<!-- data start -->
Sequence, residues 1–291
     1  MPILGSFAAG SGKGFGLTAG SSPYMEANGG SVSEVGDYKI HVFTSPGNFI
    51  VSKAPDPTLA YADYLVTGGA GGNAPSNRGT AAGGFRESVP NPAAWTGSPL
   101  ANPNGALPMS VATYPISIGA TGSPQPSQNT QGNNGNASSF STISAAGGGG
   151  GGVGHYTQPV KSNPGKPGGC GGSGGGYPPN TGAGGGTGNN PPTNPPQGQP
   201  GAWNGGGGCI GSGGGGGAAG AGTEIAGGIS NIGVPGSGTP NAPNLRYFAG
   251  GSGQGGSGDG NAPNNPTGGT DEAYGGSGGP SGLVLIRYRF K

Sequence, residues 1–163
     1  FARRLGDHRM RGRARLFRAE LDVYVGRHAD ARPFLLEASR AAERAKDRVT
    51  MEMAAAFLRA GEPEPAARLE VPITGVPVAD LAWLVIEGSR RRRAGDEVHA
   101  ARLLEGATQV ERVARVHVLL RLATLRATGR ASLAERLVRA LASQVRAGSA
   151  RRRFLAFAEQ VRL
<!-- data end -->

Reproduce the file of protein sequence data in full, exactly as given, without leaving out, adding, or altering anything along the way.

Sequence, residues 1–291
     1  MPILGSFAAG SGKGFGLTAG SSPYMEANGG SVSEVGDYKI HVFTSPGNFI
    51  VSKAPDPTLA YADYLVTGGA GGNAPSNRGT AAGGFRESVP NPAAWTGSPL
   101  ANPNGALPMS VATYPISIGA TGSPQPSQNT QGNNGNASSF STISAAGGGG
   151  GGVGHYTQPV KSNPGKPGGC GGSGGGYPPN TGAGGGTGNN PPTNPPQGQP
   201  GAWNGGGGCI GSGGGGGAAG AGTEIAGGIS NIGVPGSGTP NAPNLRYFAG
   251  GSGQGGSGDG NAPNNPTGGT DEAYGGSGGP SGLVLIRYRF K

Sequence, residues 1–163
     1  FARRLGDHRM RGRARLFRAE LDVYVGRHAD ARPFLLEASR AAERAKDRVT
    51  MEMAAAFLRA GEPEPAARLE VPITGVPVAD LAWLVIEGSR RRRAGDEVHA
   101  ARLLEGATQV ERVARVHVLL RLATLRATGR ASLAERLVRA LASQVRAGSA
   151  RRRFLAFAEQ VRL